School librarian headed to Hawaii for Ford Ironman World Championship triathlon
By Candace Sipos -- firstname.lastname@example.org
WINCHESTER -- Tina Genay-Smith wasn't able to swim a complete lap until seven years ago.
"I used to not be able to get to the end of the pool," Genay-Smith said, noting that she could swim underwater but had trouble with using the proper strokes to stay above water.
But on Oct. 8, she will participate in her 26th triathlon, the Ford Ironman World Championship in Hawaii, where she will take a 2.4-mile swim in the Pacific Ocean, followed by a 112-mile bike ride and a 26.2-mile run.
Through years of persistence and many lessons through Frederick County Parks and Recreation, she was able to swim that complete lap and then some. That's the message she wants to send to her students at Garland R. Quarles Elementary School, where she has been a librarian for almost five years. This is her 19th year working for Winchester Public Schools, most of which she spent teaching second grade at Virginia Avenue Charlotte Dehart Elementary School.
"I'm hoping to inspire the kids just with resiliency about reading a chapter book and any aspect that they can bring to their lives ... and to dream and have a goal," Genay-Smith said. "At 12, it can seem so far-fetched, but if you keep working at it, it can become attainable."
The school community threw her a surprise day of support on Thursday, complete with a cake, Hawaiian music and teachers and children dressed in Hawaiian attire. A yellow lei hangs around a sign at the front door, which reads, "Countdown to Ironman: 10 Days."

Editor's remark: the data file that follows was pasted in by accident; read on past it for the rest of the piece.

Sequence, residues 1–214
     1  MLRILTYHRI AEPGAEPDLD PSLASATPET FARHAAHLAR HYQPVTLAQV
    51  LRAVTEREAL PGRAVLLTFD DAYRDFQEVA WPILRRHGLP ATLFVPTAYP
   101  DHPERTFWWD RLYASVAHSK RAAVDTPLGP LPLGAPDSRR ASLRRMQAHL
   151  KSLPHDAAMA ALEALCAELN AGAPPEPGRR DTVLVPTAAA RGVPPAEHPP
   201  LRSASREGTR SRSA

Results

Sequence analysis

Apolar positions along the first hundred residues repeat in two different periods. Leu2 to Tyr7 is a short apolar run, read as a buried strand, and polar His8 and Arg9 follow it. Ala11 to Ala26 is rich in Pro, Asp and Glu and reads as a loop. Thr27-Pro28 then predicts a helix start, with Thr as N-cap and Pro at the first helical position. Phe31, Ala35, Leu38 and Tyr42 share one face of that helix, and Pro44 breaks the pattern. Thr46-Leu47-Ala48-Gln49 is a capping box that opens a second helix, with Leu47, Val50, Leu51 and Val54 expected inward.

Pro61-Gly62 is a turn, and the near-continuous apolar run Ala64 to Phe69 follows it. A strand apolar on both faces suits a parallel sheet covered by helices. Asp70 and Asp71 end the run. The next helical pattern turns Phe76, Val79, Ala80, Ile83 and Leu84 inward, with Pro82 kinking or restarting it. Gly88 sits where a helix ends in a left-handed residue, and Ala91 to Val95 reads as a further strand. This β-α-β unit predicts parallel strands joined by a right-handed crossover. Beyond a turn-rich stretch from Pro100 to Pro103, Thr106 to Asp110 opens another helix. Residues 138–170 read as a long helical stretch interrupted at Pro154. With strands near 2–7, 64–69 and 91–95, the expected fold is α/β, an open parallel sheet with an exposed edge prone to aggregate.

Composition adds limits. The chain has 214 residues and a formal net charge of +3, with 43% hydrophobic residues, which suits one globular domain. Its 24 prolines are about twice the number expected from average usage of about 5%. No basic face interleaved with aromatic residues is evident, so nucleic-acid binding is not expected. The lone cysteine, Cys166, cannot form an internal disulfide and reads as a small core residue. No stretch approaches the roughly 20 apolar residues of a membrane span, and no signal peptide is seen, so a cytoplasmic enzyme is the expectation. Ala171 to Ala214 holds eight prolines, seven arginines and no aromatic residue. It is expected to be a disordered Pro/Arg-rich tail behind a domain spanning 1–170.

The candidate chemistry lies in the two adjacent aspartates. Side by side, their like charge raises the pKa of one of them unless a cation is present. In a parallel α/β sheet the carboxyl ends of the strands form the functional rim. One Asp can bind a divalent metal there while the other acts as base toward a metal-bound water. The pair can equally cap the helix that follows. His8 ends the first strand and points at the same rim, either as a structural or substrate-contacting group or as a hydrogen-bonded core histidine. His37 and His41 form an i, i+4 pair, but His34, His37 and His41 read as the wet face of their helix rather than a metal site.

In addition, each child was asked to complete a mile during recess in support of their librarian. That totals about 140 miles, which is how many miles she will have to finish in the triathlon. The school showed the same kind of spirit three years ago, when she ran the Boston Marathon.
"That support was just overwhelming," she said.
In July, Genay-Smith ran her first Ironman in Lake Placid, N.Y. Since that race, she has been raising money and donating it to the Challenged Athletes Foundation, which provides grants to athletes with disabilities, including injured veterans. She raised about $600 before Thursday, but she said the school community raised almost that much Thursday.
Ironman participants are given 17 hours to finish, and she completed the three stages in 13 hours and 22 minutes. Although she didn't place in the top three, which would have guaranteed her a position in the World Championship, she was chosen through a lottery system that picks 200 of the 2,000 overall participants. But according to one of her students, winning is not what's important.
"It's not about winning," said Brandon Ramirez-Martinez, 8. "It's about having fun."
Principal Jackie Ruff said she could notice the difference in the school community Thursday.
"It just uplifts everybody to have a focus and a goal," Ruff said.
Library assistant Linda Straight said she believes Genay-Smith is the right woman for the job.
"There couldn't be another person that is more hard-working and determined to take on something like that," Straight said.
Genay-Smith said she's not sure whether this race will bring her the same results as the triathlon in Lake Placid.
"So much could happen with your stomach and the wind ... humidity and the heat," she said. "You can go to a race being totally prepared, but you never know what can happen."